You are here

Reports


Inspection carried out on 20 June 2017

During an inspection to make sure that the improvements required had been made

Letter from the Chief Inspector of General Practice

We carried out an announced comprehensive inspection at Beeches Green Surgery on 24 November 2016. The overall rating for the practice was requires improvement because breaches of regulation relating to the safe and well led provision of services were identified. The full comprehensive report on the 24 November 2016 inspection can be found by selecting the ‘all reports’ link for Beeches Green Surgery on our website at www.cqc.org.uk.

This inspection was an announced focused inspection carried out on 20 June 2017 to confirm that the practice had carried out their plan to meet the legal requirements in relation to the breaches in regulations that we identified in our previous inspection on 24 November 2016. This report covers our findings in relation to those requirements and also additional improvements made since our last inspection.

Overall the practice is now rated as good.

Our key findings were as follows:

  • The practice had ensured that identified risks relating to infection control and fire safety had been actioned and managed.
  • All recommended training had been undertaken by staff.
  • Policies had been reviewed and updated relating to chaperone duties.
  • Learning from significant events were being shared to drive improvement in a timely manner.
  • The practice had focussed on improved collaborative working with the patient participation group.

The area where the provider should improve:

  • Review systems and processes to encourage carers to attend for an annual health check.



Professor Steve Field (CBE FRCP FFPH FRCGP) 

Chief Inspector of General Practice

Inspection carried out on 24 November 2016

During a routine inspection

Letter from the Chief Inspector of General Practice

We carried out an announced comprehensive inspection at Beeches Green Surgery on 24 November 2016. Overall the practice is rated as requires improvement.

Our key findings across all the areas we inspected were as follows:

  • Staff assessed patients’ needs and delivered care in line with current evidence based guidance.
  • Patients said they were treated with compassion, dignity and respect and they were involved in their care and decisions about their treatment.
  • Patients said they found it easy to make an appointment with a named GP and there was continuity of care, with urgent appointments available the same day.
  • The practice had good facilities and was well equipped to treat patients and meet their needs.
  • Staff understood and fulfilled their responsibilities to raise concerns, and to report incidents and near misses. Reviews and investigations were discussed. However lessons learnt were not shared in a timely way to support improvement and action points that had been documented were not always completed.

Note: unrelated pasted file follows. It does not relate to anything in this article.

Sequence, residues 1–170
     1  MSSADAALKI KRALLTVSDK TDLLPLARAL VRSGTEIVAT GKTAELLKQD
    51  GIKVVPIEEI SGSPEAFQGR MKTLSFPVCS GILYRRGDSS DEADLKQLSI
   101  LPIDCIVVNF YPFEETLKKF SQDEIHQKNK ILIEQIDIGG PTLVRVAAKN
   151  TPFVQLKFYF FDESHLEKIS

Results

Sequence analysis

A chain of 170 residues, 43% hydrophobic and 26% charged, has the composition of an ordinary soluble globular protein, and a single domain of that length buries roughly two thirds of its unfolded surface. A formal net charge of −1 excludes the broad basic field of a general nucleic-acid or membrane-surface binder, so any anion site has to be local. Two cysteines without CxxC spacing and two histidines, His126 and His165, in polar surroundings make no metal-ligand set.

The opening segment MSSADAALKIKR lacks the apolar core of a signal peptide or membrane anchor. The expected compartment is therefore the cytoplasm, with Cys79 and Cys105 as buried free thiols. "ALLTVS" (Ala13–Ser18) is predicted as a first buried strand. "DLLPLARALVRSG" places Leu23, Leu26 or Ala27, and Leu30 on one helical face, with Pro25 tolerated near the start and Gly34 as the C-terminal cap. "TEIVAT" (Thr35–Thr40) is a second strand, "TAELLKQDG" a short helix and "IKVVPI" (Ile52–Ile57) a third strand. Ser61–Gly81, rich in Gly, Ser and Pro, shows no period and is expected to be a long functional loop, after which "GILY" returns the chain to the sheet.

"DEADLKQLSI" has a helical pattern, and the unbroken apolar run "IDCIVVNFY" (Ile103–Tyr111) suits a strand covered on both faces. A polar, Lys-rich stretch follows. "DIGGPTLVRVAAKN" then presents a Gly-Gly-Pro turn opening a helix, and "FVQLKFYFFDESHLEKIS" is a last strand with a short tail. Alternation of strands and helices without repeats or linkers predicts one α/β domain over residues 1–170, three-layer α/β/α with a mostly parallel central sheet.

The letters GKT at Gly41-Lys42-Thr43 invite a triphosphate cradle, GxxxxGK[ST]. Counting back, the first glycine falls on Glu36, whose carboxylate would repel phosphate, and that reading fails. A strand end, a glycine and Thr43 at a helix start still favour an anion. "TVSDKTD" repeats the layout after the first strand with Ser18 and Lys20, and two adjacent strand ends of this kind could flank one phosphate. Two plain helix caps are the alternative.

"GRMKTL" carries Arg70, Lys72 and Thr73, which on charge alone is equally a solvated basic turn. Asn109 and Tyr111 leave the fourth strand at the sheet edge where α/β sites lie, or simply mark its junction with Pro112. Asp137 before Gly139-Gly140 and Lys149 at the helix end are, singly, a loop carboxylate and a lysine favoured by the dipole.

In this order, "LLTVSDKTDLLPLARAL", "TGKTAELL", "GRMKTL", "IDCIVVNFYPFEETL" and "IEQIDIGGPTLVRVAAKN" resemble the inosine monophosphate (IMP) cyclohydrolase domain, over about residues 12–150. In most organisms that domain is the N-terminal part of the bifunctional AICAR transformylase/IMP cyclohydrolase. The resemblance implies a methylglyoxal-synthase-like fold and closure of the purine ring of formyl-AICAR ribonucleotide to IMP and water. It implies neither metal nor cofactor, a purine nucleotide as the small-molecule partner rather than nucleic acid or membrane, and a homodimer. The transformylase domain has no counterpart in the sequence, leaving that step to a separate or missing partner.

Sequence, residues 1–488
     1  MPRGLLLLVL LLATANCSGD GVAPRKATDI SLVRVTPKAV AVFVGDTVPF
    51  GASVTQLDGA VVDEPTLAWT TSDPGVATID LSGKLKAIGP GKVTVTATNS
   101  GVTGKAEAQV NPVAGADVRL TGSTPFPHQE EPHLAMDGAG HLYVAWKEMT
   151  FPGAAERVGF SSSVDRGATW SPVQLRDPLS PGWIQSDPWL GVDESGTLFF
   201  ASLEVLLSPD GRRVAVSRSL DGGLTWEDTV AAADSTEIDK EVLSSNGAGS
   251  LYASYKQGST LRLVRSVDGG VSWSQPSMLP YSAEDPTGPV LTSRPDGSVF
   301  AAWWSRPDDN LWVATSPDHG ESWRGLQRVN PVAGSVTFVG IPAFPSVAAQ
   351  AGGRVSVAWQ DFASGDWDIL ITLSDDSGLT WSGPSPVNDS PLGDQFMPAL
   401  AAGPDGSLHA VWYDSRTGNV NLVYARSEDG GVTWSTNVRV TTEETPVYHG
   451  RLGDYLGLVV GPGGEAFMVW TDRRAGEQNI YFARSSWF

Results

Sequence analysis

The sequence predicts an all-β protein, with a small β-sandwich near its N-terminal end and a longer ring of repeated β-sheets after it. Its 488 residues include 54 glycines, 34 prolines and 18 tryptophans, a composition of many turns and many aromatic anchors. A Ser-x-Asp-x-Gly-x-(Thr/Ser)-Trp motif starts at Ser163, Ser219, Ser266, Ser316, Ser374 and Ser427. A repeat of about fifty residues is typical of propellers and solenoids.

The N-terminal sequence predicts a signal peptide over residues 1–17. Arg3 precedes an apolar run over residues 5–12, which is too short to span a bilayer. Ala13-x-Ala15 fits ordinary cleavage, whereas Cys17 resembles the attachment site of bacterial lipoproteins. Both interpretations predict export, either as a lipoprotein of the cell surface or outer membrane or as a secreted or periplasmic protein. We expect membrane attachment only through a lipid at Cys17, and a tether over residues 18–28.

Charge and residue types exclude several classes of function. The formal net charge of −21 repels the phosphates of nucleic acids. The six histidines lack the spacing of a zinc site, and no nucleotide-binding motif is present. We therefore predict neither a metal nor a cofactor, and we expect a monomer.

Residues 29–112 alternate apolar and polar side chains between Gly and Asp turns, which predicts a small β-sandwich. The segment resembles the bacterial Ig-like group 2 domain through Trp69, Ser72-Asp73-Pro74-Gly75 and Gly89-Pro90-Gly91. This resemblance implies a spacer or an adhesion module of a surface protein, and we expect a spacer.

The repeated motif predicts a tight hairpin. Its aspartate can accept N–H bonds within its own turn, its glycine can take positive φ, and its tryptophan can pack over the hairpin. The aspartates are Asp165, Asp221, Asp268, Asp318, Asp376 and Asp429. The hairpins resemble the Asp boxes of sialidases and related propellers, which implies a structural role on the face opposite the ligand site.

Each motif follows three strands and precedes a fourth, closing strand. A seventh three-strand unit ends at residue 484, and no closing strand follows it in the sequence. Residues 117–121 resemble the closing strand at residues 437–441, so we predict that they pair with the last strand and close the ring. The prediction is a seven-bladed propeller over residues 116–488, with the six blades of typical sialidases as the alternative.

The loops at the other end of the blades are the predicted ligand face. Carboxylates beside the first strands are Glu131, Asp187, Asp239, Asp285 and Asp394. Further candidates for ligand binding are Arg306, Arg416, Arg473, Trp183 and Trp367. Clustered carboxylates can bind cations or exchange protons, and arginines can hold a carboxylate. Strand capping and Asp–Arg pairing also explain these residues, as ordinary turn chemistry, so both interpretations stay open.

• There were practice specific policies that were available to all staff. However these had recently been implemented and we did not see evidence that these were embedded within the practice, for example the chaperone policy.
  • There were arrangements for identifying, recording and managing risks, issues and implementing mitigating actions. However these were not always fully implemented, for example, in relation to infection control and fire safety.
  • Not all staff had received essential training, for example, infection control and the appropriate level of children’s safeguarding.
  • The practice had a virtual patient participation group (PPG) but recognised that the relationship between the practice and the PPG could be more effective and told us that this was a focus for them going forward.
  • The practice provided cognitive behaviour therapy (CBT- a talking therapy that can help manage problems by changing the way people think and behave) for their patients.
  • The practice provided an audiology service for their patients with good outcomes for patients.
  • The practice provided medical services and psychiatric support to two residential units for people with eating disorders.

We saw two areas of outstanding practice:

  • The practice supported patients with mental health problems. This included medical services to two residential units for people with eating disorders. It was recognised that this cohort of patients were high users of medical services. The practice provided general medical care, wound care in instances of self-harm and psychiatric support when necessary. The practice also provided cognitive behaviour therapy (CBT- a talking therapy that can help manage problems by changing the way people think and behave) for their patients.
  • The practice provided an audiology service for their patients. We saw evidence that this had significantly reduced the number of referrals to secondary care, and had in the last six months identified six potentially serious cases that were referred for further care in a timely way. Patients were appreciative of the service which provided prompt care close to home.

The areas where the provider must make improvements are:

  • Ensure risks in relation to infection control and fire safety are monitored and managed
  • Ensure identified actions identified in risk assessments are completed.

  • Ensure recommended training has been undertaken.

In addition the provider should:

  • Review and update policies in relation to chaperone duties
  • Review procedures for reviewing significant events to ensure learning is shared to drive improvement in a timely manner.
  • Continue the focus on improving collaborative working with the patient participation group.
  • Improve the process for inviting carers for health reviews.

Professor Steve Field (CBE FRCP FFPH FRCGP) 

Chief Inspector of General Practice